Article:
City of Chula Vista
Project: Advancing Resiliency through Water Reuse Opportunities – $67,500
Why it matters: As cities address the impacts of climate change, short term and long term planning that incorporates community input and infrastructure analysis is vital to ensure effective implementation. The grant will help build a Water Reuse Framework through public engagement and economic analysis to expand Chula Vista’s water reuse and conservation efforts. There is a 100 percent grant match thanks to a Bloomberg Philanthropies Award for the Partners for Places Grant Program -‐ a project of the Funders’ Network for Smart Growth and Livable Communities.
Center for Sustainable Energy
Project: Saving Water and Energy with San Diego Home Energy Coach – $42,000
Why it matters: Most residents know the broader challenges facing San Diego’s climate and seek out ways to play an active role in addressing the issues. The grant will provide water and energy education for hundreds of municipal employees in Carlsbad, Oceanside, Escondido, Encinitas, Solana Beach, Del Mar and Chula Vista to deepen community awareness about the drought and resilience to climate change, which will lay the foundation for program expansion in the region.
Resource Conservation District of Greater San Diego County
Project: Regional Approach to Building a Fire Safe San Diego – $42,000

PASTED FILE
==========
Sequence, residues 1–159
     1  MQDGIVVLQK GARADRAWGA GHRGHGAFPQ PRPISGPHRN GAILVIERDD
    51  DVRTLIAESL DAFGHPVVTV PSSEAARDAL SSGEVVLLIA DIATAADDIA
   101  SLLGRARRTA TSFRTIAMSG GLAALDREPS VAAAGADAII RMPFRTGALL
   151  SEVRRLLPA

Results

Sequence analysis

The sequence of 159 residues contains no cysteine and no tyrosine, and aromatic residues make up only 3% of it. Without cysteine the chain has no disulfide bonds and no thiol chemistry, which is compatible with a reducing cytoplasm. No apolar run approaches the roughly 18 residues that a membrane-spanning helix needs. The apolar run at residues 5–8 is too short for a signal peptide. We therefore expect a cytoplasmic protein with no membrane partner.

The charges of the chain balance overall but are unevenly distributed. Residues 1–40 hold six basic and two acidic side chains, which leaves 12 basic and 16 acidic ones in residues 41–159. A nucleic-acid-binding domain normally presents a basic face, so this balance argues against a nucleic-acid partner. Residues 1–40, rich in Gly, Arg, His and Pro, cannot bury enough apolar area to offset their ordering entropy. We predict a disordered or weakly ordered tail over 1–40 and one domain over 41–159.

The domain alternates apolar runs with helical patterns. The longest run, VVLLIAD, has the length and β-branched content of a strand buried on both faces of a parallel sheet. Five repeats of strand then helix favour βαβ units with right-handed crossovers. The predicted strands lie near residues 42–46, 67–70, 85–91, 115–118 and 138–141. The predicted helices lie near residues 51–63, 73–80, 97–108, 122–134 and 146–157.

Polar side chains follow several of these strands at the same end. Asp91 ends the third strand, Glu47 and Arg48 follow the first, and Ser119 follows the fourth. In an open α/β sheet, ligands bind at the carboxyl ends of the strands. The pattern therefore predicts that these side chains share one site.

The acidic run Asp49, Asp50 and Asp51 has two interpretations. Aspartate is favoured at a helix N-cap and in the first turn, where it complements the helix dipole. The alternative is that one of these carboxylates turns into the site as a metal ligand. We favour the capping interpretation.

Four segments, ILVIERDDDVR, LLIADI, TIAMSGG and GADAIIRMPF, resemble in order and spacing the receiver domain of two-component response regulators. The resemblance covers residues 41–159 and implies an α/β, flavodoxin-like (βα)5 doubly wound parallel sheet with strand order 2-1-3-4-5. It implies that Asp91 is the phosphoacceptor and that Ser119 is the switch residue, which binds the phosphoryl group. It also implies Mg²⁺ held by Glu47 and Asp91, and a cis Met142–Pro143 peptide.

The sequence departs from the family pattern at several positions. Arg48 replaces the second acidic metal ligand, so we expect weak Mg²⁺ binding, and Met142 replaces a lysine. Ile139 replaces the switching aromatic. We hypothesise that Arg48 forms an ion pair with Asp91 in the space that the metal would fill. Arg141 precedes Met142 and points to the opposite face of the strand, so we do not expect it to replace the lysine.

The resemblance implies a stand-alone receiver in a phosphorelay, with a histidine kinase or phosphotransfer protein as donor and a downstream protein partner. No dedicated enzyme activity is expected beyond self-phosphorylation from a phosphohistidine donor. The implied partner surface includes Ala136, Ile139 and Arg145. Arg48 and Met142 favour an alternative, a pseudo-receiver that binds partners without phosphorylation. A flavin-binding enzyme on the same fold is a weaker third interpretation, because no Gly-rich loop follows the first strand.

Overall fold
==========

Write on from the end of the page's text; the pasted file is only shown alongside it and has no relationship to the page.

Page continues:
Why it matters: As the risk of wildfires grows due to climate change, greater capacity and support is needed to keep San Diego safe. The grant will help local Fire Safe Councils and the Fire Safe Council of Greater San Diego County update Community Wildfire Protection Plans and host workshops for residents in fire-‐prone areas to improve long-‐term regional preparedness.
Local Government Commission
Project: Alliance of Regional Collaboratives for Climate Adaptation (ARCCA) – $10,000
Why it matters: ARCCA, a statewide network of regional coalitions within California, focuses on climate change preparedness to enhance public health, protect natural systems, build economies, and improve quality of life. The grant will enable local leaders to share resources and best practices, as well as work with state and federal agencies, such as the Governor’s Office of Planning and Research, to secure input into climate programs and policies.
About The San Diego Foundation
Celebrating 40 years of philanthropic leadership (1975-2015), The San Diego Foundation’s purpose is to promote and increase effective and responsible charitable giving to grow a vibrant region. The Foundation manages more than $682 million in assets, more than half of which reside in permanent endowment funds that extend the impact of today’s gifts to future generations. Since its inception, The Foundation has granted more than $924 million to the San Diego region’s nonprofit community. Join us as we look ahead to the next 40 years with the Future40 event series and Fund for the Future. For more information, visit The San Diego Foundation’s website, SDF News blog, Facebook and Twitter pages.